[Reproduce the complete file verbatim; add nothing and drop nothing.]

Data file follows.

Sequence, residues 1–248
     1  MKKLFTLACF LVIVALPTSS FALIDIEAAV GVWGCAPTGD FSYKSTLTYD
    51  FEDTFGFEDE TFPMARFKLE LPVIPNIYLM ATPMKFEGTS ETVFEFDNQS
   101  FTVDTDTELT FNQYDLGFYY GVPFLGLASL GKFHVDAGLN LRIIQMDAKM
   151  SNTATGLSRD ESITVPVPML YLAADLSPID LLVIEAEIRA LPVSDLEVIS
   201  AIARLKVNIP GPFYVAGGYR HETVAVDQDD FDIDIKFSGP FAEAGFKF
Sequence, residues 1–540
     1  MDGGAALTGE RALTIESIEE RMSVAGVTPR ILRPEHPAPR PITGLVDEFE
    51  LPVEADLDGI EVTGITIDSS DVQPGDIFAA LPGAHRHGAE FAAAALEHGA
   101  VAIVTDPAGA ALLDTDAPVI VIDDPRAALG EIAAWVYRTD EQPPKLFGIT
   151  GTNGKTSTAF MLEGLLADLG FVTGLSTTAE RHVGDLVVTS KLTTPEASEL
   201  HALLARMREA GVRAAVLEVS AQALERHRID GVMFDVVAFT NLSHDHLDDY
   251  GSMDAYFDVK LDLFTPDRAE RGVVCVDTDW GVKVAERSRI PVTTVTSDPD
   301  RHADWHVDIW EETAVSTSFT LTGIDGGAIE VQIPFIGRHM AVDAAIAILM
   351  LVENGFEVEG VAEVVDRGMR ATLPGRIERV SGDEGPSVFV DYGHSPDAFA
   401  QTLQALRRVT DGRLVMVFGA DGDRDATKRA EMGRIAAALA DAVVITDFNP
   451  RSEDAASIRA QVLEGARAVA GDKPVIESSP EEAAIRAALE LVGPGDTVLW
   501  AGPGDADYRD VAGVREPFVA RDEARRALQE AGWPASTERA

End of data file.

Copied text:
Sequence, residues 1–248
     1  MKKLFTLACF LVIVALPTSS FALIDIEAAV GVWGCAPTGD FSYKSTLTYD
    51  FEDTFGFEDE TFPMARFKLE LPVIPNIYLM ATPMKFEGTS ETVFEFDNQS
   101  FTVDTDTELT FNQYDLGFYY GVPFLGLASL GKFHVDAGLN LRIIQMDAKM
   151  SNTATGLSRD ESITVPVPML YLAADLSPID LLVIEAEIRA LPVSDLEVIS
   201  AIARLKVNIP GPFYVAGGYR HETVAVDQDD FDIDIKFSGP FAEAGFKF
Sequence, residues 1–540
     1  MDGGAALTGE RALTIESIEE RMSVAGVTPR ILRPEHPAPR PITGLVDEFE
    51  LPVEADLDGI EVTGITIDSS DVQPGDIFAA LPGAHRHGAE FAAAALEHGA
   101  VAIVTDPAGA ALLDTDAPVI VIDDPRAALG EIAAWVYRTD EQPPKLFGIT
   151  GTNGKTSTAF MLEGLLADLG FVTGLSTTAE RHVGDLVVTS KLTTPEASEL
   201  HALLARMREA GVRAAVLEVS AQALERHRID GVMFDVVAFT NLSHDHLDDY
   251  GSMDAYFDVK LDLFTPDRAE RGVVCVDTDW GVKVAERSRI PVTTVTSDPD
   301  RHADWHVDIW EETAVSTSFT LTGIDGGAIE VQIPFIGRHM AVDAAIAILM
   351  LVENGFEVEG VAEVVDRGMR ATLPGRIERV SGDEGPSVFV DYGHSPDAFA
   401  QTLQALRRVT DGRLVMVFGA DGDRDATKRA EMGRIAAALA DAVVITDFNP
   451  RSEDAASIRA QVLEGARAVA GDKPVIESSP EEAAIRAALE LVGPGDTVLW
   501  AGPGDADYRD VAGVREPFVA RDEARRALQE AGWPASTERA